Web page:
MATERIALS AND METHODS

Study design

This was an observational study using publicly available mutation and copy number data from nine cancer types to explore the clonal status of driver mutations (including those linked to targeted therapies), the dynamics of mutational processes over time, and whether we could identify additional cancer genes through temporal and clonal dissection (Fig. 1). All data were obtained from TCGA (see below), and we did not consider clinical outcome endpoints.

Mutation data

All mutation data were downloaded from Broad Institute MAF dashboard (https://confluence.broadinstitute.org/display/GDAC/MAF+Dashboard). Mutations were filtered to ensure that each variant had at least five tumor reads and coverage of ≥30. Only single nucleotide variants were used for analysis.

Classification of known driver genes

Driver mutations were classified as those residing in genes representing the intersection of genes identified by the recent Lawrence analysis (1) and those residing in the cancer gene census (23). For a full list of driver genes, see table S1.

Copy number and loss-of-heterozygosity analysis

Affymetrix SNP 6.0 arrays for TCGA tumors from nine cancer types—BLCA, BRCA, COAD, GBM, HNSC, KIRC, LUAD, LUSC, and SKCM—were obtained from TCGA (https://tcga-data.nci.nih.gov/tcga). Allele-specific integer copy numbers, as well as ploidy and purity estimates, were obtained using ASCAT (for further details, see Supplementary Materials and Methods)

Estimating the cancer cell fraction and temporal dissection of mutations

Supplementary Materials and Methods provide details regarding estimation of the cancer cell fraction and temporal dissection of mutations.

Assessing clonal enrichment of mutations in known cancer genes

To assess enrichment for clonal mutations in cancer genes versus other genes, we implemented a two-sided Fisher’s exact test. To explore the significance of specific cancer genes, we implemented a permutation test (for further details, see Supplementary Materials and Methods).

Identification of cancer genes

To identify cancer genes, MutSigCV was applied separately to temporally and clonally dissected mutations within each cancer cohort (for details, see Supplementary Materials and Methods).

Classification of genes relevant for genomics-driven therapy

To identify genes relevant for genomics-driven therapy, we used version 2 of TARGET (tumor alterations relevant for genomics-driver therapy) database (www.broadinstitute.org/cancer/cga/target). We restricted our analysis to genes that are predicted to result in sensitivity to specific therapies when somatically altered in cancers. The classification of genes into related modules can be seen in table S4.

Identification of specific mutations with therapeutic relevance

The DoCM was used to identify mutations with clinical evidence (drug targets associated with a mutation; diagnostic or prognostic markers associated with a mutation) or functional evidence (disease function described in cell lines; disease function described in animal models). The database is available online at docm.genome.wustl.edu.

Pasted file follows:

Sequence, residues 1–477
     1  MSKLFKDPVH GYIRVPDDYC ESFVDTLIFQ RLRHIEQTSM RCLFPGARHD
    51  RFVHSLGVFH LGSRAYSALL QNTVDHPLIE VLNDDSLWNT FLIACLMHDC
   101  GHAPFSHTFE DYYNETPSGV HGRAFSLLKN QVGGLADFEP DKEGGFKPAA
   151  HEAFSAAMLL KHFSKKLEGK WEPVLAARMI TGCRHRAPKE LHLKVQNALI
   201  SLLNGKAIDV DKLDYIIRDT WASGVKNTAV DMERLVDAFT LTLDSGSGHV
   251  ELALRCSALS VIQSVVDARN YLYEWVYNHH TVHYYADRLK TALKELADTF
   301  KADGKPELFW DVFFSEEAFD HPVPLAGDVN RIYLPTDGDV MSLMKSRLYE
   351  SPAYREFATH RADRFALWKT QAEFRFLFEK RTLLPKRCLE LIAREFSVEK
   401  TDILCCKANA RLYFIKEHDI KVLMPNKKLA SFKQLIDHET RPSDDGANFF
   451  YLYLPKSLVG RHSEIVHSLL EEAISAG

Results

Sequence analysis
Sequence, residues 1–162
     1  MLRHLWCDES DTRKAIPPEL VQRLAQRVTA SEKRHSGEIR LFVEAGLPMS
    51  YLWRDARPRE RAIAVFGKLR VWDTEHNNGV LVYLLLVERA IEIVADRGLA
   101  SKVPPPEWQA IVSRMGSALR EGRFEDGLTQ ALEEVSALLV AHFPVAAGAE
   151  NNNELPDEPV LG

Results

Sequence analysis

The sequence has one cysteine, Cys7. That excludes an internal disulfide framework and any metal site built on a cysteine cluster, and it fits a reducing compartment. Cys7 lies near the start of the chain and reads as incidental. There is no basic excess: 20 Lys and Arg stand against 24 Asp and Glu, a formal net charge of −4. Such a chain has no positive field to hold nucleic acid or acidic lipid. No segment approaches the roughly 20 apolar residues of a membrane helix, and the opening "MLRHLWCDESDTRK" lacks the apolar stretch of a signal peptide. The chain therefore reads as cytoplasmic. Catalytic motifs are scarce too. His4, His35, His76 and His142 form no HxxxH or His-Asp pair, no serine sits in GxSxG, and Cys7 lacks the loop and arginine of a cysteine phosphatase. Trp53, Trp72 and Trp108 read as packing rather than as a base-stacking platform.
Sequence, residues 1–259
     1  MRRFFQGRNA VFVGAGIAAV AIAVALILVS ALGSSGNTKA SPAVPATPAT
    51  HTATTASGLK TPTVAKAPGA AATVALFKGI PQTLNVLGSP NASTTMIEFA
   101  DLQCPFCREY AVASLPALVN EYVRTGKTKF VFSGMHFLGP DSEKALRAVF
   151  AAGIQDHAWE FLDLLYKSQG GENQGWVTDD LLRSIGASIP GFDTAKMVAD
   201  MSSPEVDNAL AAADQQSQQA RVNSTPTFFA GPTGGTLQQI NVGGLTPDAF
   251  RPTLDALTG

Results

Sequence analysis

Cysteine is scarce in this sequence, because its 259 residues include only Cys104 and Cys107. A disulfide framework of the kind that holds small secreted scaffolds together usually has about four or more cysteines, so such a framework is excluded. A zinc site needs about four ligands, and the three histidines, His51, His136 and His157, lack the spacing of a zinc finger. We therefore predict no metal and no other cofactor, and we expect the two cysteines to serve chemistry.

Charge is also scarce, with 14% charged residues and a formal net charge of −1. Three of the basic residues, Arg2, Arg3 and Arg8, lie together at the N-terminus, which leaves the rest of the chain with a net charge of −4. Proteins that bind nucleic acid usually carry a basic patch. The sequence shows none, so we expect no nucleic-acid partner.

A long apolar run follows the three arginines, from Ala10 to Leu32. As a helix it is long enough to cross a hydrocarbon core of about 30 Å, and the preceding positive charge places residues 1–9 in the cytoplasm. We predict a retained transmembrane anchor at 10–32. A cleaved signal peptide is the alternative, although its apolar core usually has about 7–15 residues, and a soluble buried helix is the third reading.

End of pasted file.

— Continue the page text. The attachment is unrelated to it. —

Identification and temporal dissection of mutational signatures

Mutational signature analysis was performed using the Wellcome Trust Sanger Institute’s signatures framework (4) (for details, see Supplementary Materials and Methods).

SUPPLEMENTARY MATERIALS

www.sciencetranslationalmedicine.org/cgi/content/full/7/283/283ra54/DC1

Materials and Methods

Fig. S1. Tumor coverage and purity estimates.

Fig. S2. Clonal heterogeneity of mutations in specific genes.

Fig. S3. High-confidence clonal and subclonal mutations in nine cancer types.

Fig. S4. TP53 and genome doubling.

Fig. S5. Examples of parallel evolution.

Fig. S6. Mutational spectra of clonal and subclonal mutations in cancer genes.

Fig. S7. Overall survival and expression of NRXN3.

Fig. S8. Clonality of actionable mutations.

Table S1. Driver genes within each cancer type (provided as a separate Excel file).

Table S2. Mutational spectra of cancer genes (provided as a separate Excel file).

Table S3. Cancer genes identified through clonality and temporal dissection analysis (provided as a separate Excel file).

Table S4. Genes linked with targeted therapeutics (provided as a separate Excel file).

References (4345)

REFERENCES AND NOTES

Acknowledgments: We thank E. Mardis, B. Ainscough, O. L. Griffith, and M. Griffith for sharing the DoCM. We also thank R. Harris for critical reading of the manuscript. The results published here are in part based on data generated by TCGA pilot project established by the National Cancer Institute and National Human Genome Research Institute. The data were retrieved through dbGaP (Database of Genotypes and Phenotypes) authorization (accession no. phs000178.v5.p5). Information about TCGA and the investigators and institutions that constitute the TCGA research network can be found at http://cancergenome.nih.gov/. Funding: C.S. is a senior Cancer Research UK clinical research fellow and is funded by Cancer Research UK, the Rosetrees Trust, EU FP7 (projects PREDICT and RESPONSIFY, ID: 259303), the Prostate Cancer Foundation, the Breast Cancer Research Foundation, and the European Research Council (THESEUS). This research is supported by the National Institute for Health Research University College London Hospitals Biomedical Research Centre. Author contributions: N.M. and C.S. conceived the study. N.M. was responsible for bioinformatics, with assistance from F.F. and N.J.B. N.M., F.F., N.J.B., E.C.d.B., Z.S., and C.S. interpreted the data. N.M. and C.S. wrote the manuscript. All authors read and approved the final manuscript. Competing interests: C.S. sits on the Roche/Genentech clinical trial steering committee. All other authors declare that they have no competing interests. Data and materials availability: Data and code are available online at https://bitbucket.org/nmcgranahan/pancancerclonality/downloads/McGranahan_data.zip.